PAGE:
Following are a brief description of the various indices used to rate researchers, information on the databases that can be searched or formulae used to calculate indices for individual investigators and reported shortcomings of the indices.

  • Aggregate Citation Count – The total number of times an individual is cited is useful in comparing and ranking the impact of an investigator’s research within a specific discipline or institution. Author searches in the Scopus database rapidly retrieve the aggregate citation counts for a researcher and display them in on the Citation Tracker screen.
  • h-Index – The Hirsh Index attempts to reflect productivity (number of papers) and impact (number of citations) in one number. It is a researcher’s lowest number of papers with the same number of citations. For example, if 77 papers were each cited at least 77 times, the h-index is 77. However, if 2 of the 77 papers were only cited twice each, the h-index is 2. Scopus automatically calculates the h-index and displays it on the Citation Tracker screen for each author searched. The h-index discounts the disproportionate weight in the aggregate citation count of highly cited papers or papers that have not yet been cited.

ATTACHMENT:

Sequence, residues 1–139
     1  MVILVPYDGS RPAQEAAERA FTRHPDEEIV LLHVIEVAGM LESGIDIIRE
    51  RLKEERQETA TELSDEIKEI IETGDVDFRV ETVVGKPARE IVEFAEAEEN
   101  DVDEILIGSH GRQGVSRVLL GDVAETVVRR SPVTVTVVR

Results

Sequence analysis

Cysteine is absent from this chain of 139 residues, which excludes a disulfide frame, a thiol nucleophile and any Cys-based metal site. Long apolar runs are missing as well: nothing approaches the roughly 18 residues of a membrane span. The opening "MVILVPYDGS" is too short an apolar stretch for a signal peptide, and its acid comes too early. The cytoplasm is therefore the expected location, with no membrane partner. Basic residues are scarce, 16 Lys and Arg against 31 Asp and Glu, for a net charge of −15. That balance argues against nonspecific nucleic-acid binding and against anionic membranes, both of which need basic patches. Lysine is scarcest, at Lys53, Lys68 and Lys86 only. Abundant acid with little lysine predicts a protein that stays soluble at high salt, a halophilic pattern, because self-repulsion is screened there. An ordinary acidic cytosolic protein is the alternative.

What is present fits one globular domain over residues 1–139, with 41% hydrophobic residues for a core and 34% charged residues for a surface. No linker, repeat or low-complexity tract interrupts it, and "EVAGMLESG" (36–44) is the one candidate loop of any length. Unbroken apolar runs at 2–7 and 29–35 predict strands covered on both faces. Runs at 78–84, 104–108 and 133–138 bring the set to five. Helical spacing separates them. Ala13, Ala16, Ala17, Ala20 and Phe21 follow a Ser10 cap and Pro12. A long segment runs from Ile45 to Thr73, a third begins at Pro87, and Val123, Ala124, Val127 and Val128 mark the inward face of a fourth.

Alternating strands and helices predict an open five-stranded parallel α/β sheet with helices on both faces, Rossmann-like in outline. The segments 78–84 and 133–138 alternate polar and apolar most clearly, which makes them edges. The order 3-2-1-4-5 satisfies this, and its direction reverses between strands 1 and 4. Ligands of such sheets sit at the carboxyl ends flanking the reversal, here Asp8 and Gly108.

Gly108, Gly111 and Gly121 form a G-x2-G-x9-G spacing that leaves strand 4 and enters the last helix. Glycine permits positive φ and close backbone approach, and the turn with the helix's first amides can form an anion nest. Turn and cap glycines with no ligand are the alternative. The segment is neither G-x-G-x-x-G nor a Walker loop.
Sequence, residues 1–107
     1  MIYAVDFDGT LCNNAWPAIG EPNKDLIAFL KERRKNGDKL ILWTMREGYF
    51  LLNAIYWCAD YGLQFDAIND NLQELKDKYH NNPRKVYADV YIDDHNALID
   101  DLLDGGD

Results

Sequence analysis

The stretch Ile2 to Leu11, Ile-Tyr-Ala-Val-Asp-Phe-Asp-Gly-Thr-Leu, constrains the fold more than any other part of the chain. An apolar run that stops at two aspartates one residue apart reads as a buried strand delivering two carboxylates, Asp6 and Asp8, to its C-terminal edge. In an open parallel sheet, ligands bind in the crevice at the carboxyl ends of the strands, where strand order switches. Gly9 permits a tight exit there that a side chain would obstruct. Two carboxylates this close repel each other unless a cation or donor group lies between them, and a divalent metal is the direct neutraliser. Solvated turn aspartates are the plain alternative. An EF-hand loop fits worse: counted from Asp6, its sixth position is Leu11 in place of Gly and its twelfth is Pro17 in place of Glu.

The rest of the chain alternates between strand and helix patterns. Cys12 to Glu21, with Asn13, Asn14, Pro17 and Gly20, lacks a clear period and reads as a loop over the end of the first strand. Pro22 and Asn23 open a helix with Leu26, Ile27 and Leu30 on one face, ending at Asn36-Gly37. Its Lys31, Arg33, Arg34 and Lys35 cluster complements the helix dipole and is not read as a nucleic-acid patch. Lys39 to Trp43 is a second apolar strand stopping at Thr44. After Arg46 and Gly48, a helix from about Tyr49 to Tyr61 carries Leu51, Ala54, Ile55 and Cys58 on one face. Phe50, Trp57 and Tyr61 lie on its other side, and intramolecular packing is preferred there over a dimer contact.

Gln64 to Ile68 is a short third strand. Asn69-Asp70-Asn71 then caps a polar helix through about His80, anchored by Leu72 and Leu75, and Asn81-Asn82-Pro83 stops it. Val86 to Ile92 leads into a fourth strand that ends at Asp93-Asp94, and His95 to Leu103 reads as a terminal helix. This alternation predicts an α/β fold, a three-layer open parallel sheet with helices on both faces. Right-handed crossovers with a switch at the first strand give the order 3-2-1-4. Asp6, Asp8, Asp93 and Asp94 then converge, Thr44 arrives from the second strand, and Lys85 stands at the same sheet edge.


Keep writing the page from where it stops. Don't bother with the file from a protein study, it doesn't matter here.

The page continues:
• A flaw of the h-index may be its inherent size dependence, in which larger numbers of publications generally command higher h-indexes. The h-index therefore rewards authors who publish many modestly well-cited articles, and punishes authors who publish profligately or rarely, new authors with few citation and authors who publish important papers judiciously. Like other measures, the h-index depends on the publication time period and subject discipline.

In January, 2008 the National Institutes of Health (NIH) announced a revision to its Public Access Policy that went into effect April 7, 2008, and on March 11, 2009, President Obama signed a law making the revision permanent. The revision requires researchers to deposit copies of the final manuscripts of peer-reviewed journal articles, resulting from research supported in whole or in part from NIH, to the National Institutes of Health Manuscript Submission (NIHMS) system. The effect of the revision on the number of manuscripts, submitted to NIHMS for public availability in PubMed Central within 12 months of publication, is seen in the chart below.

NIH Open Access Statistics